SHREVEPORT – Pioneer life and digital arts.

While these two topics appear to be on complete opposite ends of the academic spectrum, these two areas were combined as the foundation for the final project in a digital arts class at LSUS.

The Pioneer Heritage Center on LSUS’s campus features a general store among its seven historic buildings, and digital arts students in a package design class studied product labels, packaging and advertising from the late 1880s to the 1930s.

Students recreated the original product labels before translating that design into two different time periods based on the aesthetics from those chosen periods.

“Students chose a product from the general store, recreated the original package in digital form and then reimagined that package based on design aesthetics from different eras – say the 1950s or the 1980s,” said Rachel McDonald, an assistant professor of arts and media. “Students looked at the old packaging for inspiration and for insight into the design aesthetics of the time.

“You can see how package design has evolved, but you can also see how that packaging still stands up today. Most design principles don’t change. Good design is good design.”

McDonald got the idea from two of her digital arts students.

Heather and Heidi Linn visited the Pioneer Heritage Center as part of a tour with their sorority Phi Mu in the fall semester, alerting McDonald to wide variety of product and package design in the general store.

“Heidi took pictures of all the different kinds of design and posters in the store, and we showed (McDonald) these images because we knew she loved stuff like that,” Heather Linn said. “It was interesting to really zoom into the packaging and what elements were used in this time period.”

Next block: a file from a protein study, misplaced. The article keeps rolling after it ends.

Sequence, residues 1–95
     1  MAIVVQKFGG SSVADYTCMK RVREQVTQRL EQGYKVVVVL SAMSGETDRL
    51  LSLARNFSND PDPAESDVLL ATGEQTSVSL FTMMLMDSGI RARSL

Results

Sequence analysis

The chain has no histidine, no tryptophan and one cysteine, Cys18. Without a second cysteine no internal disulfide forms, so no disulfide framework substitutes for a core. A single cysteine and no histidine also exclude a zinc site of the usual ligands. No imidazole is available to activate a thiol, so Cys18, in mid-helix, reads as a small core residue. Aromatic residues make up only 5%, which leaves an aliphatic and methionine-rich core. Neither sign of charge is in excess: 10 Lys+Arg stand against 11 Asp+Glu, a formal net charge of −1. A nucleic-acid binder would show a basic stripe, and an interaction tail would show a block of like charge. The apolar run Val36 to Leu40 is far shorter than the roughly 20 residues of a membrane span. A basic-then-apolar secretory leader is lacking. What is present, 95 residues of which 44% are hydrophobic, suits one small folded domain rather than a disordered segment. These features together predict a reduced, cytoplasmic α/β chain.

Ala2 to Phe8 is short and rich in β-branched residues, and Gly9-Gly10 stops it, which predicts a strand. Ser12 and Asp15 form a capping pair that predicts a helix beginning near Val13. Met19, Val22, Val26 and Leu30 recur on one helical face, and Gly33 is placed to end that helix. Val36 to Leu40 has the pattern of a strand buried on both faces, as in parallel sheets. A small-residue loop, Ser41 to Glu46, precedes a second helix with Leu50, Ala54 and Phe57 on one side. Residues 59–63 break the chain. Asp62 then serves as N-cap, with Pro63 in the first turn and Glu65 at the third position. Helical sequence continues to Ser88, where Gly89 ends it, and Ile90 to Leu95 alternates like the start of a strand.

Heidi added that design from the late 1800s is her favorite.

“The packaging is so decorative,” said Heidi, who redesigned Maxwell House Coffee. “It feels so organic with a lot of nature represented in the design.”

Marty Young, the director of the Pioneer Heritage Center, said while art students typically visit the center to draw the different styles of architecture, the digital arts collaboration is a first.

“We have some products that are still being produced today, like Tabasco, Campbell’s Soup and Ivory Soap,” Young said. “A lot of LSUS students have never been over here to the center, so it’s a win-win for us to get students in the door and then to have this kind of academic collaboration.

“We definitely try to encourage different classes and departments to use us as an academic resource.”

Students chose products like gin, nutmeg, shoe polish, foot and toilet powder, cough syrup and perfume.

Many of the turn-of-the-century designs showcased the over-the-top floral designs, representing the special feeling of purchasing a product since most families might make just a few purchases each year.

Those designs gave way to facial illustrations used in the 1940s and 1950s, the groovy bubble lettering of the 1960s, and the wild geometric patterns of the 1990s.

“I’m really proud of all the projects that we created,” Heather Linn said.